What I learned playing cards with my kids
Each night after dinner my kids would retreat to their rooms and play video games. Desperate for an alternative, I suggested cards.
I mentioned the idea out of the blue. I didn’t really know any games, but my parents had left a pack on the mantle during their last visit.
My eight-year-old son suggested we play “Go Fish.” I asked him to teach me. It didn’t take long. It’s not very complicated. He beat me every time.
My 13-year-old suggested we try Crazy Eights. He explained the rules and proceeded to crush me several games in a row.
My parents told me to try Kings in the Corner. I didn’t remember the rules, but that is the beauty of the Internet. I found them on Wikepedia.
You deal seven cards to each player, put down a draw pile and lay out a card on each side, playing alternating suits in descending order. Kings are placed at the angles and you can lay down cards there too. The goal is to run out.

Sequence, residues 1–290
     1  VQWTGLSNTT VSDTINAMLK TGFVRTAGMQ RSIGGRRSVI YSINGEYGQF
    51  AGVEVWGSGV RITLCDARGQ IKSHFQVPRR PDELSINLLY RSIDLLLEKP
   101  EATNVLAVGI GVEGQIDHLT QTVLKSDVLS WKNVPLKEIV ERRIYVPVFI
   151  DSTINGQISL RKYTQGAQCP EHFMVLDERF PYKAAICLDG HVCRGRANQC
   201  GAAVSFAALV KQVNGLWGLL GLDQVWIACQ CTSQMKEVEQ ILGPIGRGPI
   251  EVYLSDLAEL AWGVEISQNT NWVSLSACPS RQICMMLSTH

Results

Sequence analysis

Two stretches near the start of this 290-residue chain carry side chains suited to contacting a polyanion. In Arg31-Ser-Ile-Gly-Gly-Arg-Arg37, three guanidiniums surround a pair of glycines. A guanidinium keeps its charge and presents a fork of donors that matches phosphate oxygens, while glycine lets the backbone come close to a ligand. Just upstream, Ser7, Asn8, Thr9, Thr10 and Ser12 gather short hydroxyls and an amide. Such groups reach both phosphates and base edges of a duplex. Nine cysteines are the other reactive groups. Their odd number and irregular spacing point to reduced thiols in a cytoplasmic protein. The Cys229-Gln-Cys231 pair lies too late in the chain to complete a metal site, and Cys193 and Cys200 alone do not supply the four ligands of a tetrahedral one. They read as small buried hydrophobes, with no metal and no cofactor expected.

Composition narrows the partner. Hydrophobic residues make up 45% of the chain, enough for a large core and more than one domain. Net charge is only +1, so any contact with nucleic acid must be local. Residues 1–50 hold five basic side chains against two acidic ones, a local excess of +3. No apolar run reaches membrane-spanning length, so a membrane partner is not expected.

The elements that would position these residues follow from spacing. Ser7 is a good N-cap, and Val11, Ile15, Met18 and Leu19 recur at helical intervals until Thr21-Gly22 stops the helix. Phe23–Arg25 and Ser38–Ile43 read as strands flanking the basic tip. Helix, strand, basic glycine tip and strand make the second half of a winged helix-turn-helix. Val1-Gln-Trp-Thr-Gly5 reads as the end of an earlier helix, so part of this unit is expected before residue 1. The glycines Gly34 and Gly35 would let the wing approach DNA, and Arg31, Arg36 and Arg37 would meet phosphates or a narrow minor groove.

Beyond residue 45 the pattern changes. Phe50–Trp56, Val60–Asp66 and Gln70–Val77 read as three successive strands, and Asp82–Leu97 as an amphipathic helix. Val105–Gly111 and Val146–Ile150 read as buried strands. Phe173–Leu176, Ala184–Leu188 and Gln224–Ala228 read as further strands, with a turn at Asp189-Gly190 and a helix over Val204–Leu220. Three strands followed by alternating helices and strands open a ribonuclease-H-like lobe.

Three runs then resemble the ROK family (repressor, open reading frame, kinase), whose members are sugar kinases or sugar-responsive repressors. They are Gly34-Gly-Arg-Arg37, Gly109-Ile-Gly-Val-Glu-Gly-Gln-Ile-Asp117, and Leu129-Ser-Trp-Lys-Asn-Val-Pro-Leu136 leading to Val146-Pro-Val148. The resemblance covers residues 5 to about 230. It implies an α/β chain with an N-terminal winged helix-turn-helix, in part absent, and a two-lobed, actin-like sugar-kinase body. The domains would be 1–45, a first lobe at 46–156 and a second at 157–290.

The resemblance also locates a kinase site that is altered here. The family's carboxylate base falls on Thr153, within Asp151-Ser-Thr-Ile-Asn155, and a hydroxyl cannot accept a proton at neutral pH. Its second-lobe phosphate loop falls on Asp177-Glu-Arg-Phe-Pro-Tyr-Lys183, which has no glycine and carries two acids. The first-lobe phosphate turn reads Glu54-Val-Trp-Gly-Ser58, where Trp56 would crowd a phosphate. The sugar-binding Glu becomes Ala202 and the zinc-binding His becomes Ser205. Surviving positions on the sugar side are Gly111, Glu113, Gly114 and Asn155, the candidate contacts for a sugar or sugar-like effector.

We played a few hands and this time I won. We were laughing and talking and the time passed. My son disclosed that he was a “card shark.” By the time we noticed, it was time for bed.
It is frustrating and probably futile to tell your kids to stop playing video games. Even if they pretend to comply, they will sneak a phone or computer under the covers and turn it on after the lights are out.
Asking them to play cards, I discovered, was something else entirely. It’s addictive and social and a skill they will take it with them and have forever.
We got into the rhythm of playing each evening. Next we graduated to Gin Rummy, which is an excellent two-player game. Friends suggested I try Poker, Eucher, Spite and Malace and Hand and Foot.
My father’s favorite game is Bridge. He learned it growing up. He told me that during the winters when he was growing up dinner, his parents and sister would play Bridge for an hour every night after dinner.
He said that regretted never teaching us. He said we were all too busy. Unlike other games, Bridge is pretty complicated and takes awhile to learn. As a result, its hard to find four people to play.
I now try to play with my kids every chance I get. It’s simple and joyous. And it reminds me that we are never too busy.
**Published by Ted Merz Mar 9, 2016**